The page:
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The Democratic National Committee today launched a weeklong campaign aimed at getting the U.S. Supreme Court vacancy filled expeditiously, with today's action focusing on LGBT rights.
The #FillTheSeat campaign kicked off with the release of a video, "We're Not Done," in which several LGBT people point out the unfinished business of assuring equality and note that the Supreme Court could play a large role regarding LGBT rights. "That's why it's so critical for our community that President Obama's nominee is confirmed by the Senate," says one speaker in the video.
Senate Majority Leader Mitch McConnell and other Republicans, though, have said the vacancy left by Justice Antonin Scalia's death should be filled by Obama's successor, and they have vowed to block any Obama nominee. This is unprecedented and could be disastrous, said Democratic activists and elected officials on a media conference call in conjunction with the video's release.
"The argument that somehow we would wait to see who we may elect next is disconnected from reality," said U.S. Rep. Mark Takano of California, who is gay. "[Obama] has the constitutional duty to nominate and the Senate has the duty to act on it."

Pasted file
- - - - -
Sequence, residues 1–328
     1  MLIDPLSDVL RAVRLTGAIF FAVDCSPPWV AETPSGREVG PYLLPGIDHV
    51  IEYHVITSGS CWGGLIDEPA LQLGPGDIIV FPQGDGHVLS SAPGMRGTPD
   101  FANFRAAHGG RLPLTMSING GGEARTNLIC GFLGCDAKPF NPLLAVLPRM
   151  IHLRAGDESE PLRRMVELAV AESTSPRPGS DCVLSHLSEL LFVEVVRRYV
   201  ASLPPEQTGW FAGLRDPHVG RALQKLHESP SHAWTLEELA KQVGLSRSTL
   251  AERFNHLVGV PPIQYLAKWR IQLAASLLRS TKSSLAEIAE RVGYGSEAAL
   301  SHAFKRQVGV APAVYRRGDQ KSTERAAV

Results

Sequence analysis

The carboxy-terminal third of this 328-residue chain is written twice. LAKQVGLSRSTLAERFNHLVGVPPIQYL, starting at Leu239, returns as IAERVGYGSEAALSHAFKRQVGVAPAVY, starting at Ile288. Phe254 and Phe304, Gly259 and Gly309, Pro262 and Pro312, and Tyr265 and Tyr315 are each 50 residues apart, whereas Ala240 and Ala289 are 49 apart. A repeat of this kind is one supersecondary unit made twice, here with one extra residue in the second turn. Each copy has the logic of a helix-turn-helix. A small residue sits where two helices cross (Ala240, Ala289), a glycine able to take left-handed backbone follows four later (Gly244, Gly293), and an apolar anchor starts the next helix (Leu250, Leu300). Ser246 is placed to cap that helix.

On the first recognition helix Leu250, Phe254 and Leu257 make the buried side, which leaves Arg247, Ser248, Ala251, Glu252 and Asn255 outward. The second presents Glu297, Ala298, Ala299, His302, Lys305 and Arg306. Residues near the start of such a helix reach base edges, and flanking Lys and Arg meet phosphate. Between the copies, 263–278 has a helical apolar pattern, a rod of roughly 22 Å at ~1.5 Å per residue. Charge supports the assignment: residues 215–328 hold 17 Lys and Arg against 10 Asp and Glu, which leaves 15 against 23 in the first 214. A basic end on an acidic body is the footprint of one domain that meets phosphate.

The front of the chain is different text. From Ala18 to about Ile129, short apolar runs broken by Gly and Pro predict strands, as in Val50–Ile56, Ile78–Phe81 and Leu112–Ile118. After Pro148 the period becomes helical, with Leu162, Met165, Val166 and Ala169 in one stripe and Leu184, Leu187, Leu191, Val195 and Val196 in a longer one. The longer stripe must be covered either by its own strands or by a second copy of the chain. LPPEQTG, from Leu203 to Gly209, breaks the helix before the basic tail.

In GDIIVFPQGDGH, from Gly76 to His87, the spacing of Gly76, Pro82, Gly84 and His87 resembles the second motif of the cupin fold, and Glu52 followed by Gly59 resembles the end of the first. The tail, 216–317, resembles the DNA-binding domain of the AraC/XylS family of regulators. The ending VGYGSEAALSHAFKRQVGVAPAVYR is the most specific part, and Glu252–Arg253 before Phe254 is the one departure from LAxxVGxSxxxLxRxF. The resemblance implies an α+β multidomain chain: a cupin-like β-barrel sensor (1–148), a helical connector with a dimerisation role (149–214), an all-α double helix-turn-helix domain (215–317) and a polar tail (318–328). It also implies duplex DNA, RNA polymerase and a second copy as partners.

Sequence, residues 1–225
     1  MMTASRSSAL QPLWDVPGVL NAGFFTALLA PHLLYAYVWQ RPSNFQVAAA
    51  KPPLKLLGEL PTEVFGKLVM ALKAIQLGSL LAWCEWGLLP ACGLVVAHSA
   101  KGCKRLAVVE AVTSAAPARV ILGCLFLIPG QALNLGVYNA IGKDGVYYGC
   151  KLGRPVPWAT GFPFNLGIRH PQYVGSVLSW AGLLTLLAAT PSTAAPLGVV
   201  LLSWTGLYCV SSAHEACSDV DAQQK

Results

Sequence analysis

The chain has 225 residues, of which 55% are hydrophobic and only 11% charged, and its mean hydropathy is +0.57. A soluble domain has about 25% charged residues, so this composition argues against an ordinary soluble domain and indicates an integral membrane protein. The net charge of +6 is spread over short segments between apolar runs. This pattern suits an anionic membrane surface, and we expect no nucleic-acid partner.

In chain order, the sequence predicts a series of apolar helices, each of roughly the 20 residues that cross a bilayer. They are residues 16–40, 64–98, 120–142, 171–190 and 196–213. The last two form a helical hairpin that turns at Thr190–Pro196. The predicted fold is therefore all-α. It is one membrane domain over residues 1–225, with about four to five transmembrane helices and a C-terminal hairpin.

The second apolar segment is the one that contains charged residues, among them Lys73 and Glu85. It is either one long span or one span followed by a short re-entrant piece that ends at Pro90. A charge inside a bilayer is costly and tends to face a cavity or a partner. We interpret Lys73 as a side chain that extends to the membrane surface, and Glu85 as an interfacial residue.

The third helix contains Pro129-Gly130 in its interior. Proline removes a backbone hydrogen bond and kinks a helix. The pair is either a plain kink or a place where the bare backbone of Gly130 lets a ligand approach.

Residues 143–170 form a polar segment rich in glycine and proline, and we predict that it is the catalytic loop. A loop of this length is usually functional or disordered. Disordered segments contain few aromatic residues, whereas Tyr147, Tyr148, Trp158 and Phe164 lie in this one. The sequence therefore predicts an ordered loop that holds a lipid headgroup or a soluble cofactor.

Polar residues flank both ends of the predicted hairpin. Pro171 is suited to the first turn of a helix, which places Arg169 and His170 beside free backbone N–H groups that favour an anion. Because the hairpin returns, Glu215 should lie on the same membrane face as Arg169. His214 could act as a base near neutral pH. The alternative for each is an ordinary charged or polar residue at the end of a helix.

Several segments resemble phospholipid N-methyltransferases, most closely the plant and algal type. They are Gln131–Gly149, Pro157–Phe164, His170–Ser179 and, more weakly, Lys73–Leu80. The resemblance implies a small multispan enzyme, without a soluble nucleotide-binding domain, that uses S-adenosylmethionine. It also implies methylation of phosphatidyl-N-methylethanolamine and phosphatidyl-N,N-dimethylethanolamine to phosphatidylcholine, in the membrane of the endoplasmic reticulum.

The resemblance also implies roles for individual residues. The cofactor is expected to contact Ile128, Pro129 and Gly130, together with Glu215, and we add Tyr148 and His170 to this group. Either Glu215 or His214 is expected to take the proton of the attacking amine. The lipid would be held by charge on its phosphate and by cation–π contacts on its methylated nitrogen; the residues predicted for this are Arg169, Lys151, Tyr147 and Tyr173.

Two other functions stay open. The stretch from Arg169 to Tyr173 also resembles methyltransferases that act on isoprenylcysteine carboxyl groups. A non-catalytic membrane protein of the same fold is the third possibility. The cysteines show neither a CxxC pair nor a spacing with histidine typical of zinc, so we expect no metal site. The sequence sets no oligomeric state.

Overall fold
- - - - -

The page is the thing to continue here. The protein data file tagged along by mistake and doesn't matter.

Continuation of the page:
Takano was joined on the call by fellow out U.S. Rep. Jared Polis of Colorado, DNC LGBT Caucus chair Earl Fowlkes, and DNC spokesman T.J. Helmstetter. They agreed there could be setbacks for LGBT rights if the vacancy remains unfilled for a year or more. They noted that a 4-4 tie vote on the high court would leave lower court decisions standing.
The Supreme Court is scheduled to hear oral arguments in 21 cases this and next month (including the first case regarding abortion access heard by the court in more than 20 years), and while none of these directly address LGBT rights, that doesn't mean the court wouldn't get an LGBT rights case in the next year or so, they noted. The video refers to cases in which judges have ruled that existing federal civil rights laws don't ban discrimination based on sexual orientation or gender identity, even though Obama administration officials contend they do, and cases involving these issues could soon come before the Supreme Court, the Democrats said.
They dismissed the idea that it might actually be in Democrats' favor to wait until the next president takes office, on the chance that the nation would elect not only a Democratic president but a Democratic majority in the Senate. "The Senate needs to do its job," Polis said.
Takano added, "This appointment is bigger than any one party."
They also said it was irrelevant that in the past, some Democratic senators had called for blocking Republican nominees toward the end of a president's term, such as Chuck Schumer in 2007, when George W. Bush was president, or Joe Biden, now the vice president, in 1992, when Bush's father, George H.W. Bush, held the office. The Senate has always done its duty and voted on the president's Supreme Court nominee, regardless of what individual senators have said, Takano said.
That doesn't mean the Senate is under a mandate to confirm the president's nominee, he added. "They should at least have a hearing," he said. "They should at least consider an appointment by the president."
The #FillTheSeat campaign will focus on immigration tomorrow, Helmstetter said. The issues to be addressed the remainder of the week will be announced later, he said.
Watch the LGBT rights video below.